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Dawn Paperback – March 21, 2006

Book 2 of 3 in the Night Trilogy Series

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Editorial Reviews

Review

The anguish and loss of the moral Jew who has placed himself on the other side of the gun (Commentary)

Shines gemlike with delicate writing, (Saturday Review)

About the Author

Elie Wiesel is the author of more than fifty books, including Night, his harrowing account of his experiences in Nazi concentration camps. The book, first published in 1955, was selected for Oprah's Book Club in 2006. Wiesel is Andrew W. Mellon Professor in the Humanities at Boston University, and lives with his family in New York City. He was awarded the Nobel Peace Prize in 1986.

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Product Details

  • Paperback: 81 pages
  • Publisher: Hill and Wang; Tra edition (March 21, 2006)
  • Language: English
  • ISBN-10: 0809037726
  • ISBN-13: 978-0809037728
  • Product Dimensions: 5.5 x 0.3 x 8.3 inches
  • Shipping Weight: 3.2 ounces (View shipping rates and policies)
  • Average Customer Review: 4.1 out of 5 stars  See all reviews (42 customer reviews)
  • Amazon Best Sellers Rank: #66,917 in Books (See Top 100 in Books)

More About the Author

Elie Wiesel is the author of more than forty books, including his unforgettable international best sellers Night and A Beggar in Jerusalem, winner of the Prix Médicis. He has been awarded the Presidential Medal of Freedom, the United States Congressional Gold Medal, and the French Legion of Honor with the rank of Grand Cross. In 1986, he received the Nobel Peace Prize. He is Andrew W. Mellon Professor in the Humanities and University Professor at Boston University.

Customer Reviews

This is an amazing book to read.
Mrs. Shaffer
Like all of his books, this one touched my heart and opened my eyes.
Melissa Holder
EXTREMELY powerful and evocative.
Shi-doh!

Most Helpful Customer Reviews

32 of 32 people found the following review helpful By Shi-doh! on April 30, 2008
Format: Paperback
First off, this is not Night 2. I naively expected that when publisher's try to frame them as part of a 'trilogy'. Night is absolutely and without bar one of the most fantastic books I have read in my life.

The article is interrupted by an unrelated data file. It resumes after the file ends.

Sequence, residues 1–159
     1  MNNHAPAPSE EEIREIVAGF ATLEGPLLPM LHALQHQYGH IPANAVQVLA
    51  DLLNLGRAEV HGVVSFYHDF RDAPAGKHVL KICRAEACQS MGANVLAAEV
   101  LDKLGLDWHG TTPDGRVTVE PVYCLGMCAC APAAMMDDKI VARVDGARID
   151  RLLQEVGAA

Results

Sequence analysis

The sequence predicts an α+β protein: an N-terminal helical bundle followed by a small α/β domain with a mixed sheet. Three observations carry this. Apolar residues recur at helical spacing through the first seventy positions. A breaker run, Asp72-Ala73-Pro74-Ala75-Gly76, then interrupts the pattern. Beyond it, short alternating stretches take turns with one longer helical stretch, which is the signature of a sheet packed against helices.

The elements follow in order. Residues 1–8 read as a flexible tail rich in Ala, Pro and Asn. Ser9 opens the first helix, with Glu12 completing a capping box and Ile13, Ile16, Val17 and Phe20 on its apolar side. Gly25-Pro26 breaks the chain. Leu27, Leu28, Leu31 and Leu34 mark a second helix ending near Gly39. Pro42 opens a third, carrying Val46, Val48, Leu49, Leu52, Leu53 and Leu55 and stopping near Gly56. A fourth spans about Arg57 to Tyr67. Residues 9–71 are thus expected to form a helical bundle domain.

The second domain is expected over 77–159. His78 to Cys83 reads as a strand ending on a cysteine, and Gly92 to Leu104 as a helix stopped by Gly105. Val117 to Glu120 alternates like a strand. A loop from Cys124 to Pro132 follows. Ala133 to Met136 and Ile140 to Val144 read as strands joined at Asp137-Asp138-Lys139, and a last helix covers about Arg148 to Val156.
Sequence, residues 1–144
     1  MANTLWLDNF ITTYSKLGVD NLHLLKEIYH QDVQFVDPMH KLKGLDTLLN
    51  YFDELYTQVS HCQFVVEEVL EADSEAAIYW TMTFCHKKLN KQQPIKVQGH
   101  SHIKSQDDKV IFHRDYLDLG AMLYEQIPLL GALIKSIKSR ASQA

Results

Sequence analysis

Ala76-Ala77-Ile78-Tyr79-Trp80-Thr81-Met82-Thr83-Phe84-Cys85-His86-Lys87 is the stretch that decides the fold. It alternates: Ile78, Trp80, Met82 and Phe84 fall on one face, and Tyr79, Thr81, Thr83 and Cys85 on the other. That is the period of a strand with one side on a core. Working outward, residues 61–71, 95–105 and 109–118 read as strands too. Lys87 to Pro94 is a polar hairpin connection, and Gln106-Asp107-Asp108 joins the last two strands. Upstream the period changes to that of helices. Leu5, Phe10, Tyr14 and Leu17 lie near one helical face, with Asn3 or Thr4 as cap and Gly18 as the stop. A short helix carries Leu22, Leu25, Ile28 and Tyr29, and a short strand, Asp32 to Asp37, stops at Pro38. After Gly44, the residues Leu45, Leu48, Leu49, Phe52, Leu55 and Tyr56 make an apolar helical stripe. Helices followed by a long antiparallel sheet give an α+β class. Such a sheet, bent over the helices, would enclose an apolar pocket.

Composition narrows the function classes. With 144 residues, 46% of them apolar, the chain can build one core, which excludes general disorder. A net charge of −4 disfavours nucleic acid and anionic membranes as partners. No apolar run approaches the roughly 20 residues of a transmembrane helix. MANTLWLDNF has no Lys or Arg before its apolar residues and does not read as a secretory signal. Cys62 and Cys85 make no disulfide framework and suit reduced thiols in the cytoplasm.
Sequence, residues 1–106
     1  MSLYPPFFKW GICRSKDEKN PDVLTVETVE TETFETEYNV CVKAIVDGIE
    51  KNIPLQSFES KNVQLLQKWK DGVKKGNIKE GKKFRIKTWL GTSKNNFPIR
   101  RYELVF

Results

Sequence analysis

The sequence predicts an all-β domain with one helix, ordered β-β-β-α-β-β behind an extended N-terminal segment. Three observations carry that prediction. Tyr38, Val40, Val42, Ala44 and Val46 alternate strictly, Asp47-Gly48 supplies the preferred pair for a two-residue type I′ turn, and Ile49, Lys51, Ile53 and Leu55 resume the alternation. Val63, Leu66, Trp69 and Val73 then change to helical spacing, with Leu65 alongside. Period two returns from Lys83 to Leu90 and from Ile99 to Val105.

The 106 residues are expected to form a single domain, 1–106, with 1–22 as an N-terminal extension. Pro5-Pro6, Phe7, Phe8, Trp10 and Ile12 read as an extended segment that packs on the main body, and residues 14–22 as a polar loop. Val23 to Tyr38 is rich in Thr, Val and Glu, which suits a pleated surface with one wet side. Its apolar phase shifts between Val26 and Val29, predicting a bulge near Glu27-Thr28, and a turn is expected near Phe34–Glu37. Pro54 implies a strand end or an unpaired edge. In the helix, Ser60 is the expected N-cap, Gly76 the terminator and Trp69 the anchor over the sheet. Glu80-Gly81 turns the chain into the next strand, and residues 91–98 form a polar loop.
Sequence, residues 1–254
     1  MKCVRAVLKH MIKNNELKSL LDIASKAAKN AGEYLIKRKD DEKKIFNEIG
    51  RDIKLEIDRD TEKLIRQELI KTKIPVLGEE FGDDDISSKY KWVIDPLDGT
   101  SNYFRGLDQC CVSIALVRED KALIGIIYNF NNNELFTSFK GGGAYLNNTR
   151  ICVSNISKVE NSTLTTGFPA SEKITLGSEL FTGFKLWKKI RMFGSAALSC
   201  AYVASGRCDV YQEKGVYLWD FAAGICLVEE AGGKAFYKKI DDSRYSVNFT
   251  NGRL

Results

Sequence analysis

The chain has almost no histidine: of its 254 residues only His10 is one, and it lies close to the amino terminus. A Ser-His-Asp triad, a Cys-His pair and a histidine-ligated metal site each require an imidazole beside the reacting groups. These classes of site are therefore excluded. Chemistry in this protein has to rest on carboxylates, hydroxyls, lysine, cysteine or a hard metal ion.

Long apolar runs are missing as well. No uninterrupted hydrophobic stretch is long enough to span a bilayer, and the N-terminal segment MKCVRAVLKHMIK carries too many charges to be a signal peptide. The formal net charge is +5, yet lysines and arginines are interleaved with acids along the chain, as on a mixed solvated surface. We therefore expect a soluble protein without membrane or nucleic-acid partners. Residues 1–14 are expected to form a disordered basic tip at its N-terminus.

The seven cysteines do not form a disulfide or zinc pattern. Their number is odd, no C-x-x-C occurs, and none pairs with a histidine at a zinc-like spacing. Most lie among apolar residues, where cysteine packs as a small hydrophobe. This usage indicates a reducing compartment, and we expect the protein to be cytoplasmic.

This is not just another chapter of that. And it is not a sequel. It is an incredibly profound, and beautifully written meditation on the journey of many Holocaust survivors -- but not his. This is a work of complete fiction. Many survivors went to Palestine, and fought the British (not the Arabs) to kick them out and thus be able to establish a free Jewish state.

It is the story of a fictional Elishah (who has remarkably similar childhood and Holocaust experiences to those of Wiesel) who becomes one of these freedom fighters, and is ordered to execute a British officer in retaliation for their hanging one of the rebels. It is an account of the night that Elishah passes, knowing he has to become a murderer in the morning, and all of his internal struggles with that. In a particularly powerful lead up to the end, he realizes the power of hatred, how without hatred, terrorist groups like theirs, and indeed any violence against others is almost impossible. He notes how nations are so adept at teaching their people to hate, and even comes to the point of trying to make himself hate this stranger in order to be able to follow his orders.

EXTREMELY powerful and evocative.

One word of caution -- there is almost no action here. This is a thinking book. If you are not up to the mental effort to think and feel along with him, you will not like it.
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3 of 3 people found the following review helpful By Paul A. on September 20, 2007
Format: Paperback
This book would have been better served as short story in an anthology. I thought there was too much padding in order to make this a "short novel". Even as a short novel, "Dawn" barely exceeds 80 pages.